The act of going

Four days into our trip, and I’m finally getting a chance to sit down and write. The last three weeks have been an intense amount of work, anticipation and finally, relaxation. It is a lot for a little family to get through, and it wouldn’t have been possible if both Mark and I were still working.
I’ve personally been through crushing anxiety about the amount of work to be done, physical and mental exhaustion of simply just getting through the list, and finally through to slowly relaxing into the fact that we were only a few days away from departure.
I’ve had stress-murder dreams, and am still waking up in the middle of the night with every muscle in my body fully tensed, fists clenched by my side, and lying supine, straight and stiff as a board. For the record, I normally toss and turn in variations of the foetal position, so this is an entirely new thing for me.
The amount of work it takes to plan a year abroad is as much as you make it to be. I am a lister. I live and die by lists. If it’s written on a list, then it doesn’t have to be a part of the 6 million other things scrolling through my head, and my people out there know just how incredibly satisfying it can be to cross something off!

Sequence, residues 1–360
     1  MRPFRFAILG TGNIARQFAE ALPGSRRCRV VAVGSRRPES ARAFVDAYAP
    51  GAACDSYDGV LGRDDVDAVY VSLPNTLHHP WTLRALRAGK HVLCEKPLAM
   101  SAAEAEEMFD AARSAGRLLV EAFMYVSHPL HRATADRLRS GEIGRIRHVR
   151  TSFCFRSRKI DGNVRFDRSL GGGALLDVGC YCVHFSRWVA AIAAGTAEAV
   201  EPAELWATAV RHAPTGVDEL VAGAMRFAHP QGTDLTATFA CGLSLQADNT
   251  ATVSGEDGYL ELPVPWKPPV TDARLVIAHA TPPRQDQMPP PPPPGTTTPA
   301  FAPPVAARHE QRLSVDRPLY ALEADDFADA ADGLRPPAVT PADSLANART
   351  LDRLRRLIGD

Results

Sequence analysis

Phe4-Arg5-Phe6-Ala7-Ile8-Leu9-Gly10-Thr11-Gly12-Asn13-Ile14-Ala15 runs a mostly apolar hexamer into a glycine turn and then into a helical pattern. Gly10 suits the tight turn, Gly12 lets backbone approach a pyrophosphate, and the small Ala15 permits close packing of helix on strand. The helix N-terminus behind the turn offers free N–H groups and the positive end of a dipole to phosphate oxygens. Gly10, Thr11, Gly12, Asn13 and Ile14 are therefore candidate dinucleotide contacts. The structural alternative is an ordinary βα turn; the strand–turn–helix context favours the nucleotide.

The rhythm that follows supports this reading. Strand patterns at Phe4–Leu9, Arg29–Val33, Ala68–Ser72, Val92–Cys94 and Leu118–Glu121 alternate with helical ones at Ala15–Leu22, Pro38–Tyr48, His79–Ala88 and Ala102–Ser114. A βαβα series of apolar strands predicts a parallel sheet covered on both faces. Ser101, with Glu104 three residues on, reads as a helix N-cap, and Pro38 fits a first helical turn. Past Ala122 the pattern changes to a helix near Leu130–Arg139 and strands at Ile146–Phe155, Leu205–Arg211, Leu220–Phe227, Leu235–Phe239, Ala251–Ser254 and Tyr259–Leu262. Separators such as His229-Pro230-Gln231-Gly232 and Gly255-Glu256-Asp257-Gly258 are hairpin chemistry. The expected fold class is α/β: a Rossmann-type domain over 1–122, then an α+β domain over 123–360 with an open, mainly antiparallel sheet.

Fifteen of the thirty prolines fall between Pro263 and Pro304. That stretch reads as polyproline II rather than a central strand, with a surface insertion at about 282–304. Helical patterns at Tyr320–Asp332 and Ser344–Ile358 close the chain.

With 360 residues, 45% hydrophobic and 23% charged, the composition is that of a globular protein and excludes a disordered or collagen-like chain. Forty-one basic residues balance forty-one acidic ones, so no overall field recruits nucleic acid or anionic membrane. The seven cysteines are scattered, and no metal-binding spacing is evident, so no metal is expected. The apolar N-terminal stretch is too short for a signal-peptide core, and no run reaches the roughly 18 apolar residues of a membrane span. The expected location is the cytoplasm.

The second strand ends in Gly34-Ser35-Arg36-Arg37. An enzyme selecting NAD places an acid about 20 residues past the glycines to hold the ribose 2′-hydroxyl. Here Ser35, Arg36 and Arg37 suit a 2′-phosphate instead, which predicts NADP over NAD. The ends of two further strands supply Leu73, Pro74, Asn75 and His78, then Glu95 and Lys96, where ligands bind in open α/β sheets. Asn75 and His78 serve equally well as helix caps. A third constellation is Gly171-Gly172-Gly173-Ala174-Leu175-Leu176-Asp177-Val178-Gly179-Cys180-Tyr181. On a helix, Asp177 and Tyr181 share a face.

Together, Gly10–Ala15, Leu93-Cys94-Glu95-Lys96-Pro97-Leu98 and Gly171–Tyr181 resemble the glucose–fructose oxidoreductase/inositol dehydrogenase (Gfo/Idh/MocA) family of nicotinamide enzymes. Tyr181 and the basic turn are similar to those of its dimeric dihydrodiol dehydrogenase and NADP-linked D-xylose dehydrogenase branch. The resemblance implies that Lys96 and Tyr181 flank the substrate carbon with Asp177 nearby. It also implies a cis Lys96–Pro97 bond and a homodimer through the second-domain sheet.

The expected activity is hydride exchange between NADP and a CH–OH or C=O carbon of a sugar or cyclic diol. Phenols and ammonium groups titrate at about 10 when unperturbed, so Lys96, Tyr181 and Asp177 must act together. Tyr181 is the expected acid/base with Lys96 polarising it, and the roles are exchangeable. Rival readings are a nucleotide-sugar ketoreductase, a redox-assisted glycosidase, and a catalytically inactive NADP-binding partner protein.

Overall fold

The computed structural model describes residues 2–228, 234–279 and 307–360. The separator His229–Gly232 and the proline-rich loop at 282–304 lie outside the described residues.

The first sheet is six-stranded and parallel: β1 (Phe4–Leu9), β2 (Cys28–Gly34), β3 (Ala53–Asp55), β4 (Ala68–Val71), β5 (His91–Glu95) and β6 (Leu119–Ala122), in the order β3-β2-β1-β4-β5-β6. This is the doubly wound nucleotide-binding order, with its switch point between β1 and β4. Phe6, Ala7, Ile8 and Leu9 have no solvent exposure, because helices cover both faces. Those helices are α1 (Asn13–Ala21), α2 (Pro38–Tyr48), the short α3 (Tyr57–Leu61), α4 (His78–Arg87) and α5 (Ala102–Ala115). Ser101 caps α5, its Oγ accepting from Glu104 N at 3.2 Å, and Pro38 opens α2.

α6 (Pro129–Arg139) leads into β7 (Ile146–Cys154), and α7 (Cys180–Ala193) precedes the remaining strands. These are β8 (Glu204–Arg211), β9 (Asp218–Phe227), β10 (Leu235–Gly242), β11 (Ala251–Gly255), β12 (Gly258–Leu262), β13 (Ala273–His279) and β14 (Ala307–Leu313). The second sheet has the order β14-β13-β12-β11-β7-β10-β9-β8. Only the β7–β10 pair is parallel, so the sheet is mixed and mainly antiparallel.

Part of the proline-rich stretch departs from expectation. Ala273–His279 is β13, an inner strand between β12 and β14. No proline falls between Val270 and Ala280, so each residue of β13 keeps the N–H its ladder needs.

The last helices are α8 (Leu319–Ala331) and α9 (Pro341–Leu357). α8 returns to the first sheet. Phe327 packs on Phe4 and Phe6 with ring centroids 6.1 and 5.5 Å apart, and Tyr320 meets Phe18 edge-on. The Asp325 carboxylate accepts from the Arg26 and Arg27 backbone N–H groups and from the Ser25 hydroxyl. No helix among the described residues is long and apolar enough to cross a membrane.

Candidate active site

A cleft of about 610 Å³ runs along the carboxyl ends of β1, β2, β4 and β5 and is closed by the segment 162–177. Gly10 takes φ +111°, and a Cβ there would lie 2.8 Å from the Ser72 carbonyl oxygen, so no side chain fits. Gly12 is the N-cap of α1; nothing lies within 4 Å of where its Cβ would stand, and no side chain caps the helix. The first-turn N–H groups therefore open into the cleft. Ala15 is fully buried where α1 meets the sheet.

Planning for a trip is one thing. Getting everything prepared to go on a trip is something else entirely. There is storage to arrange, travel insurance policies to research and buy, life insurance policies to check, loose ends to tie, a home to pack up, and endless decisions about what packs, stores or goes to the charity shop.
Partly to demonstrate that I was doing a shed load of work, and partly because there was a shed load of work to be done, I created a job board for the family with little strips of Post-It notes.     Everyone had their job list, and when something was done, we moved it to the done board. It was a constant reminder of all we needed to do! Not all of it got done, but the important things did, and I’m officially someone who has now said that’s good enough. (I appear to be going through a severe chilling out about things phase).
As the list dwindled down, and the major tasks reduced to one or two things per day, I began to relax, but it still did not seem even remotely real that we were taking off for a year long journey around the world. The act of moving house really unsettled Austin, and my highly spirited, but generally lovely child turned into a moody pubescent teenager spawned from satan himself. He still hasn’t totally come out of it, but at least last night he told me that he wants to have a good day today!
Our friends the Holliday’s (so appropriate), generously opened their home to us for the last week in London while Mark finished up his last days at work. It was nice to spend time with friends before we spend an inordinate amount of time with just ourselves. Sure we’ll meet people along the way, but day four, and it’s been a lot of family togetherness.